Bridging gaps and removing systemic barriers is a task that every member of the hearing world should prioritize. As with other languages, many people believe that simply learning a few words or signs is enough to do the work of being a good ally. However, this cannot be the only destination we arrive at when considering how to help Deaf survivors; getting to the heart of the systemic barriers is key. According to Activating Change, “68% of victim service providers report rarely or never serving Deaf survivors. 1 in 10 victim service providers report using children of survivors as interpreters. 23% of service providers report no sign language interpreters in their area. 25% of victim service organizations identified Deaf and hard of hearing people as underserved. As these statistics tell us, much more advancement is needed in order to provide inclusive support to Deaf individuals.
Although larger, more fundamental changes are needed, small tangible steps are little ways that everyone can start moving toward more inclusivity. So, what can you do as a hearing individual that may come into contact with a sexual assault survivor that is Deaf? Learning some crucial signs that one might use after an assault, such as “Do you need help?” or “Are you hurt?” can help you break the ice as a bystander. Never let language or disability barriers make you too afraid to intervene, as this goes against the direction of inclusivity and further isolates members of the Deaf community. Deaf translation apps and online resources to learn are excellent places to begin (see our resource list below). For those working with survivors, being able to sign who you are and what you do can change the course of their story and inform how safe they feel in the future when seeking or needing help. Having a notepad and pen or word processor nearby is a good best practice as well, but in the case that the survivor doesn’t have reading and writing skills, knowing as many signs as possible is ideal. The larger goal is bridging gaps and uniting the Deaf and hearing community in solidarity, support, and ensuring violence prevention for everyone.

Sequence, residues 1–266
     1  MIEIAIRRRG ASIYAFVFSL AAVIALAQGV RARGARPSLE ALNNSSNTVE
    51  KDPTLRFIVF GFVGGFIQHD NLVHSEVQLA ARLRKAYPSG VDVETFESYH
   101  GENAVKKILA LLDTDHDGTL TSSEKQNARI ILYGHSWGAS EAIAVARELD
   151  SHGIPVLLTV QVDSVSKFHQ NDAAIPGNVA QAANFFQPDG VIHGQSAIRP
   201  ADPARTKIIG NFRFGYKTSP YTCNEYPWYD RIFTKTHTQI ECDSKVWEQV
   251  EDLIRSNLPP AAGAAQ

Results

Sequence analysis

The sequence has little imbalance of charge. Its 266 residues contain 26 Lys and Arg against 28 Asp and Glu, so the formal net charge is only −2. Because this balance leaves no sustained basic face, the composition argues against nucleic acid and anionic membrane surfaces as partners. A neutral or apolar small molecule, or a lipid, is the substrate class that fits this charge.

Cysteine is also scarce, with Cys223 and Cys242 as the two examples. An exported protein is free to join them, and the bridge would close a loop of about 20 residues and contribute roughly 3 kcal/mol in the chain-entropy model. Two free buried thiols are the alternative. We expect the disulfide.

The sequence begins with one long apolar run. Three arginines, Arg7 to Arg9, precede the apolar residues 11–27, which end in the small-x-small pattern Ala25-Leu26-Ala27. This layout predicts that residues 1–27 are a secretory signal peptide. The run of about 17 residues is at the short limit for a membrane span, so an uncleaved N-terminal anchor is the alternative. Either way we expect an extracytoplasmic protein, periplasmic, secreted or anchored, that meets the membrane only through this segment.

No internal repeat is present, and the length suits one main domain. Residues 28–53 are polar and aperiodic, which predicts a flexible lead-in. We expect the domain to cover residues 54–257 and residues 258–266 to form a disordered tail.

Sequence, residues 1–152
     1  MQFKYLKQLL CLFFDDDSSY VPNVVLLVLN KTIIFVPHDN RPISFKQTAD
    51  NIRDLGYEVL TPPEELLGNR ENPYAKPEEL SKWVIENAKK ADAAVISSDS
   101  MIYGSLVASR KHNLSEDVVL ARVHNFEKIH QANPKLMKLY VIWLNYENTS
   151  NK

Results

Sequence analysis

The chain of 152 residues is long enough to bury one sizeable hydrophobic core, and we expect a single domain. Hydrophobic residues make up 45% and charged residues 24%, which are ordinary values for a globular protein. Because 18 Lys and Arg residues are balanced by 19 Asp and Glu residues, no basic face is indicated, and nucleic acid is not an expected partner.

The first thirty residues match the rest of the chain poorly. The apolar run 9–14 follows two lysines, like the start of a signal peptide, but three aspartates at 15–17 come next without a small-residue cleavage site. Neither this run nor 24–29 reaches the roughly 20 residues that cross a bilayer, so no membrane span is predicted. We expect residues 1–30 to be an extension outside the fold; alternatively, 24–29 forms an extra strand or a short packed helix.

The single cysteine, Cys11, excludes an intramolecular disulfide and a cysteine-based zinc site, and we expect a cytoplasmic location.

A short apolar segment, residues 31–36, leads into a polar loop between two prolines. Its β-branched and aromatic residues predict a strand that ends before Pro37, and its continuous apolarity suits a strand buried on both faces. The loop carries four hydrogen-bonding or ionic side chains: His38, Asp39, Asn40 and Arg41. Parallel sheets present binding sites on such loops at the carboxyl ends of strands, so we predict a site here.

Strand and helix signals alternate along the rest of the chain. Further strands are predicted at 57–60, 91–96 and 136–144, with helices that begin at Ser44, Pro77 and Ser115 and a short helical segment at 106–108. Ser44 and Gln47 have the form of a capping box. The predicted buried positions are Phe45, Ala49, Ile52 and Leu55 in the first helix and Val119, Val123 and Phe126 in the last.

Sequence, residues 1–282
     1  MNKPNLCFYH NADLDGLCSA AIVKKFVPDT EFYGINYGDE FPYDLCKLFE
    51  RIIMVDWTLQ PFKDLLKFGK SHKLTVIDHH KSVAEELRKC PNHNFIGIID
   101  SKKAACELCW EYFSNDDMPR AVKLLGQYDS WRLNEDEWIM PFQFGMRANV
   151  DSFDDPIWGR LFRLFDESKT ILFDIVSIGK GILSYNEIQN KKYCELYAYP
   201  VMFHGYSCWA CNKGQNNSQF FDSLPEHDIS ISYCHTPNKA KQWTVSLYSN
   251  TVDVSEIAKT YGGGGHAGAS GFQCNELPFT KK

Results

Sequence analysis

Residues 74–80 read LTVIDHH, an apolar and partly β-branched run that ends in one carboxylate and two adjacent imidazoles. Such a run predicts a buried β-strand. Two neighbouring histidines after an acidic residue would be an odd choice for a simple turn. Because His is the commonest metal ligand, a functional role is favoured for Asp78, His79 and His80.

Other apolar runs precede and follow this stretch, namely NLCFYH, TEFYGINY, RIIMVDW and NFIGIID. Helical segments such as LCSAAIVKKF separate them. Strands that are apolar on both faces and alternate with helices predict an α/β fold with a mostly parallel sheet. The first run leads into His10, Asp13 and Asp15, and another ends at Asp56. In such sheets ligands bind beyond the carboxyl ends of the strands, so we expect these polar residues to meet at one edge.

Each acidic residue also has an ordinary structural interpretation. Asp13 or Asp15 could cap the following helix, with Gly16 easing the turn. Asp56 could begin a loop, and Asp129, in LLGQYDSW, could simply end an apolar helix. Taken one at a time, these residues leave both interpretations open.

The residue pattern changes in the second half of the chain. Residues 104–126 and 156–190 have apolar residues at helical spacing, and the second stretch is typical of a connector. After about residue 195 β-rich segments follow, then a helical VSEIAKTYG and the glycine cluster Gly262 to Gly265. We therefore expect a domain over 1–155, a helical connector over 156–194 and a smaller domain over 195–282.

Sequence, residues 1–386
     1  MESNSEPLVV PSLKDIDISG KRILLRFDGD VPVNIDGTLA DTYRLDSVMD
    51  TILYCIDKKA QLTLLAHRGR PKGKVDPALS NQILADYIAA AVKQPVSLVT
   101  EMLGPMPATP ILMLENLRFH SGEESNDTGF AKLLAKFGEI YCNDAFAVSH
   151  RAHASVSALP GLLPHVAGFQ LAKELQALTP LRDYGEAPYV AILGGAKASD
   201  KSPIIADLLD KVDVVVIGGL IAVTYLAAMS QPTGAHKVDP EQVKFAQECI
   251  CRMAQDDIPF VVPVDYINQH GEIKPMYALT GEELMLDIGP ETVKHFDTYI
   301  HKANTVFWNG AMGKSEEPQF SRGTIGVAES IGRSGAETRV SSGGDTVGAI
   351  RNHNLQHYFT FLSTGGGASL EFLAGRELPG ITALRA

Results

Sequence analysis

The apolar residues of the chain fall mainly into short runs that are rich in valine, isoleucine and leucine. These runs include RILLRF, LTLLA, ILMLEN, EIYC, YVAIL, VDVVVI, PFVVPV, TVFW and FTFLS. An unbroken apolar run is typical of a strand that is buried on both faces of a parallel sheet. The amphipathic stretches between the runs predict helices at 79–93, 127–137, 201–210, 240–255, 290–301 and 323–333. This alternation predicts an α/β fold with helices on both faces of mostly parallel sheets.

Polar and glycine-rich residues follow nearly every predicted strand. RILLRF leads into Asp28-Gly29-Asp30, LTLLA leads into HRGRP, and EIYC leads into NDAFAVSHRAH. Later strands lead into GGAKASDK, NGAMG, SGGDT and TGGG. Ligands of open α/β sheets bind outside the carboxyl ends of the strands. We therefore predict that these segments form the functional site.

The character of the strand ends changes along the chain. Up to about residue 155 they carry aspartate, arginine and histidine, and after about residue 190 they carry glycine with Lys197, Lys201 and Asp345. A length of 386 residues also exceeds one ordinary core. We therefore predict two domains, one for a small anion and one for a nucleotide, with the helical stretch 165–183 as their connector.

Thrive Together is a nonprofit organization trying to do just this. Based in Iowa, we travel to all 99 counties in Iowa to advocate and serve Deaf/hard-of-hearing survivors. A majority of our staff are Deaf and fluent in ASL, while the remaining hearing staff knows ASL. Our mission is to empower deaf and hard of hearing individuals by providing the services that they need most. We also provide the necessary training for emergency responders to be able to aid Deaf and hard of hearing survivors competently. Please reach out to us with any questions or if you or anyone you know is in need of our services.
Elise Parker is the Outreach Coordinator for Thrive Together. She is hearing and learned ASL through the University of Northern Iowa where she graduated in 2022 with a degree in psychology. She has been working with Thrive for 4 months and is ready to see where the organization can take her in the coming months and years.